I suspect the changes occurred to his small body after a trauma that occured when he was a tiny kitten.  His mother's nurturing helped him survive.  While it is also possible that he was born this way, it is an odd collection of physical changes to exist together since birth. 

We named our new resident "Smooshie", and quickly decided it would be good for Smooshie and Tres to become roomates.  They were young and any socialization at this age is beneficial for their development.  Fortunately, both kittens tested negative for viral testing of Feline Leukemia and FIV Virus.  

Tres got a bigger apartment, and Smooshie moved in.  There was a significant amount of hissing and spitting initially, but the two babies soon learned to like each other.  Smooshie helped Tres realize that this was not a bad place to be.  Tres came out of his shell and learned to trust us by following Smooshie's social graces.  Before we new it, Tres was playing with toys, and running on three legs to greet us when we placed fresh canned food in their kennel.



Tres was adopted just a few weeks after his surgery.  Smooshie is in a foster home, still awaiting a permanent family to love him.  He uses the litter box like a champion, and finds his food and water bowls just fine, despite his vision impairment.



Our only regret is that we did not try to place the two kittens in the same home.  This idea occured to us after Tres was adopted.  But Smooshie, in his Smooshie-way, adjusted just fine to life without Tres, and is living with caring humans and canines in his foster home until his forever family steps forward.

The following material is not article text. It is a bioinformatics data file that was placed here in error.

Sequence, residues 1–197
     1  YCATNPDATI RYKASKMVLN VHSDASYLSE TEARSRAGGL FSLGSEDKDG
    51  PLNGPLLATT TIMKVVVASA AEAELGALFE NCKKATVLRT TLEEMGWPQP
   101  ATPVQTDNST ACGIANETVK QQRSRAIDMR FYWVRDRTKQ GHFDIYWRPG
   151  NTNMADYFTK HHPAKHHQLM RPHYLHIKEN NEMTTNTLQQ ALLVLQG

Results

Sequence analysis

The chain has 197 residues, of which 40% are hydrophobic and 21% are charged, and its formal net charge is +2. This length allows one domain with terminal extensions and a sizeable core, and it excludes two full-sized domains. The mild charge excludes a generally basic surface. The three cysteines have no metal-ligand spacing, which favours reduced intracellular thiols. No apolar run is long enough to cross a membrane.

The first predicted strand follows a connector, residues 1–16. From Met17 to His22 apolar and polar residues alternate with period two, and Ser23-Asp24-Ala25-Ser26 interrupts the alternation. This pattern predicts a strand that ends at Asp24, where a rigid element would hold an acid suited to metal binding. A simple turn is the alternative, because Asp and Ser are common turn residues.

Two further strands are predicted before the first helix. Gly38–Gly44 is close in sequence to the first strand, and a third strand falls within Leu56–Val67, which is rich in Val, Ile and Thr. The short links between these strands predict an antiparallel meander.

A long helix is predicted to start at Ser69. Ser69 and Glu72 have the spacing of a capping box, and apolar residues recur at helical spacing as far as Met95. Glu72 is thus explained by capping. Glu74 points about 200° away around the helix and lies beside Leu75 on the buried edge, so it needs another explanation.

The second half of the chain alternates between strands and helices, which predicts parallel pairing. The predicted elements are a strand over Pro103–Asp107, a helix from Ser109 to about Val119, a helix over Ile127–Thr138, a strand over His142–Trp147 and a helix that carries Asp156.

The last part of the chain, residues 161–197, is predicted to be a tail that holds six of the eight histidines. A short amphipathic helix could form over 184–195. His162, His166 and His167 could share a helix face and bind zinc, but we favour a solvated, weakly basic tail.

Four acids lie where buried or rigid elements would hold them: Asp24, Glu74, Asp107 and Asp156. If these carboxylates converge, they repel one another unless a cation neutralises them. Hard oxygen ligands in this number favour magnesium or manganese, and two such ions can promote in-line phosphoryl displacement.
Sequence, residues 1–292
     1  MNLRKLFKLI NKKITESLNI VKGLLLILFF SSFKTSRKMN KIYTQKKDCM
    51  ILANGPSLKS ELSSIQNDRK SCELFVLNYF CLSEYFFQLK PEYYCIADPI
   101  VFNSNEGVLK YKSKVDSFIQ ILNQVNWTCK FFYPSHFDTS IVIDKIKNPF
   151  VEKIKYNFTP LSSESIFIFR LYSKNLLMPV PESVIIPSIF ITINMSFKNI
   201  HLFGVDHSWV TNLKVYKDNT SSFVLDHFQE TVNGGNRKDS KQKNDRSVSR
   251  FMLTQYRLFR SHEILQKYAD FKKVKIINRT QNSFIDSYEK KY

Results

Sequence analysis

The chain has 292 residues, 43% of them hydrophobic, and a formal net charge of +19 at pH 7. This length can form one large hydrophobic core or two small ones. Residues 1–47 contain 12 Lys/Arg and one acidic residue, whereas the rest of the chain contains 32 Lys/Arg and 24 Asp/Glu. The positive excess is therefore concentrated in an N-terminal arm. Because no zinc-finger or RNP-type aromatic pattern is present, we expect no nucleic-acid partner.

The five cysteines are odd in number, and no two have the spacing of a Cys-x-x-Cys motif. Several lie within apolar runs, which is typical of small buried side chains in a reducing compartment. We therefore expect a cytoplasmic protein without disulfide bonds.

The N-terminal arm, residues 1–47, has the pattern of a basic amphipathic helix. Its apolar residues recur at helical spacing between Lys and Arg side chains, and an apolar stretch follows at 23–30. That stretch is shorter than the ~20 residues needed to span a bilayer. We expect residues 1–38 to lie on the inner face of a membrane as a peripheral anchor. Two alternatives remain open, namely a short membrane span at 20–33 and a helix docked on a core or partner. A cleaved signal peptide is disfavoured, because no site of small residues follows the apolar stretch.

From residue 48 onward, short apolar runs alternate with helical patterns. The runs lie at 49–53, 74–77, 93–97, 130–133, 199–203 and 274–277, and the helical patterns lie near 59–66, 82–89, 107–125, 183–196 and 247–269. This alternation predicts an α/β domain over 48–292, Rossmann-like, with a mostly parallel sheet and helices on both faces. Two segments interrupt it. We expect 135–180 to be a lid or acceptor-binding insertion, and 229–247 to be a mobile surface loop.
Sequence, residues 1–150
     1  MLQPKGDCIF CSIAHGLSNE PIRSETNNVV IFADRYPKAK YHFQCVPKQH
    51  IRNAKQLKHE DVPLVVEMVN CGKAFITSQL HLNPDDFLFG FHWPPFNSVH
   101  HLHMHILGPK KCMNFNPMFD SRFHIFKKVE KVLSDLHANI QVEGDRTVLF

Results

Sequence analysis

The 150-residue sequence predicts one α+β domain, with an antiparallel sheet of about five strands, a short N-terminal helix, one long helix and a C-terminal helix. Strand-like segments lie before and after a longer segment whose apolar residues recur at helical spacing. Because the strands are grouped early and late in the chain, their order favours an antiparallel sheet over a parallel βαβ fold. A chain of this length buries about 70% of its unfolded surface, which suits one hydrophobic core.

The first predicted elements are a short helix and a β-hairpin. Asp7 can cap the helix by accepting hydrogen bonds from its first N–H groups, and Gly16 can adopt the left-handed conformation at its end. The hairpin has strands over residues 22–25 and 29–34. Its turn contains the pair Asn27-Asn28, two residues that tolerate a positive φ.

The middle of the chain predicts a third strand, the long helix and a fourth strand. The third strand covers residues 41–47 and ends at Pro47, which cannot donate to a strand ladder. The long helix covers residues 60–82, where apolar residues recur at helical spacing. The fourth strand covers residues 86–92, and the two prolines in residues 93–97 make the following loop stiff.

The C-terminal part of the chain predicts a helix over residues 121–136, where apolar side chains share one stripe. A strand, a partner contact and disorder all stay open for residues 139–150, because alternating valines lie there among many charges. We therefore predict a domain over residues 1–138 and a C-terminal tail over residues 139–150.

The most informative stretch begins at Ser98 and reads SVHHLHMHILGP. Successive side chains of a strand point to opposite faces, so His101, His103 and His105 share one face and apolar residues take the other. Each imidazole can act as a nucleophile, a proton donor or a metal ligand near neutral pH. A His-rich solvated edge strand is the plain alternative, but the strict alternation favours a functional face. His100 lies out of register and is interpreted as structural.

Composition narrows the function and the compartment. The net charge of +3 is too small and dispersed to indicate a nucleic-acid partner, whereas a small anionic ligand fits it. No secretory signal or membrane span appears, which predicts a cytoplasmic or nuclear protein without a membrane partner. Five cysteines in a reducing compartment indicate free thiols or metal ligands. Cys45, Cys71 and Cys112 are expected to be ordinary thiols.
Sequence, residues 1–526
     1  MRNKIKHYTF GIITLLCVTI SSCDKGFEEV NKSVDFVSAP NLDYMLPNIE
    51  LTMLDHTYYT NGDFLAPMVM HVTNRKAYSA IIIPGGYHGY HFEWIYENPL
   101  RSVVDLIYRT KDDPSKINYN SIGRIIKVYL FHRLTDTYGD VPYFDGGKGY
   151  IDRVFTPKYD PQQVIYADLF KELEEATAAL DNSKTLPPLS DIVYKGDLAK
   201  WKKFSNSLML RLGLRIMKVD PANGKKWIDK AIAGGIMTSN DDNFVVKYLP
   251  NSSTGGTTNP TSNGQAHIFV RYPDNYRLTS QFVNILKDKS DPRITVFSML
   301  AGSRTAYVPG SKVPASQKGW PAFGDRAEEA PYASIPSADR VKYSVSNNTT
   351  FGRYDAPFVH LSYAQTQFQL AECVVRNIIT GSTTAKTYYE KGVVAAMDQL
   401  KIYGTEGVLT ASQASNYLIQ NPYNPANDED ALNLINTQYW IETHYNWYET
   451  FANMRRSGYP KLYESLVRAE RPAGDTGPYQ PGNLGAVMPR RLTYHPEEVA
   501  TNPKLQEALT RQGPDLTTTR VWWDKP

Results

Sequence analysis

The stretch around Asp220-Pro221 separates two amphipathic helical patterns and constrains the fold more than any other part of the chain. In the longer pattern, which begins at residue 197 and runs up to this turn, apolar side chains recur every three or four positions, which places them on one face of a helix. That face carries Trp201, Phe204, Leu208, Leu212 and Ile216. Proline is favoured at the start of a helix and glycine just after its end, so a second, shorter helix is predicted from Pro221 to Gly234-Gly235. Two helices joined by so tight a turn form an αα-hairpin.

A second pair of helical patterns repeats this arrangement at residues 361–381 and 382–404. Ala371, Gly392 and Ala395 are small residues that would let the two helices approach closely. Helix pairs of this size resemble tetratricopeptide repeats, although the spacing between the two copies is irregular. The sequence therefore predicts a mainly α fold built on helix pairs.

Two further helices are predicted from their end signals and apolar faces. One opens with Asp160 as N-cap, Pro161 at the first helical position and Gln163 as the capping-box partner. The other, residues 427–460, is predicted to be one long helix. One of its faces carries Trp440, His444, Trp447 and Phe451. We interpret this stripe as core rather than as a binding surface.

I am certain that Smooshie was cared for by humans who raised him and realized that they could not keep him. He is extremely comfortable around humans, and a cat not used to human interaction would not behave in this hearwarming manner. Wanting him to be safely placed in a home, and realizing that he had special needs, these people decided it would be best to abandon him in a box someplace they believed would provide him with safety. I am grateful this plan happened to work out for Smooshie, but abandoning an animal, even with the best of intentions is an inhumane action. Bringing him safely to a shelter or rescue group who agreed to care for him, and donating towards his care would have been a wise decision. With shelters and rescue groups overwhelmed with the number of animals in their care, this may not have been an easy option, but perseverence, dedication, and responsibility would have paid off for Smooshie.  Thanks to our client's sense of responsibility, Smooshie is alive, happy and healthy.

One of the things I love about animals is that they do not know the word handicapped, they just adapt. And they don't tease each other about their "adaptation". Honorable really.

Visit Smooshie and our other adoptable pets at www.jewellanimalhospital.petfinder.com



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6 comments:

Lori-Ann Drew said...

smooshie is adorable! I adopted a kities 3 years ago with Cerebral hypoplasia, he is a goofy boy, especially when he runs, he looks like a bobble head kitty. He has the best personality I have ever seen in a kitty! Luv my little handicap boy!

Amy Haas Gray said...

Heard the term 'specially- abled' a while back and love it!

Torun said...

Hi, Welcme back. Been missing your stories. Torun Starfire Companion-Animal Sanctuary, Captain Cook, HI

Kathy Schnell said...

We could call them Handi-dapped -- handi-adapt.
Wonderful story. thanks!

Avery Schlacter said...

Thanks for this I've been looking for a veterinarian in Ottawa and this has given a lot of information on them. I really enjoyed the blog.

veterinary online said...

awesome post and i love cats :)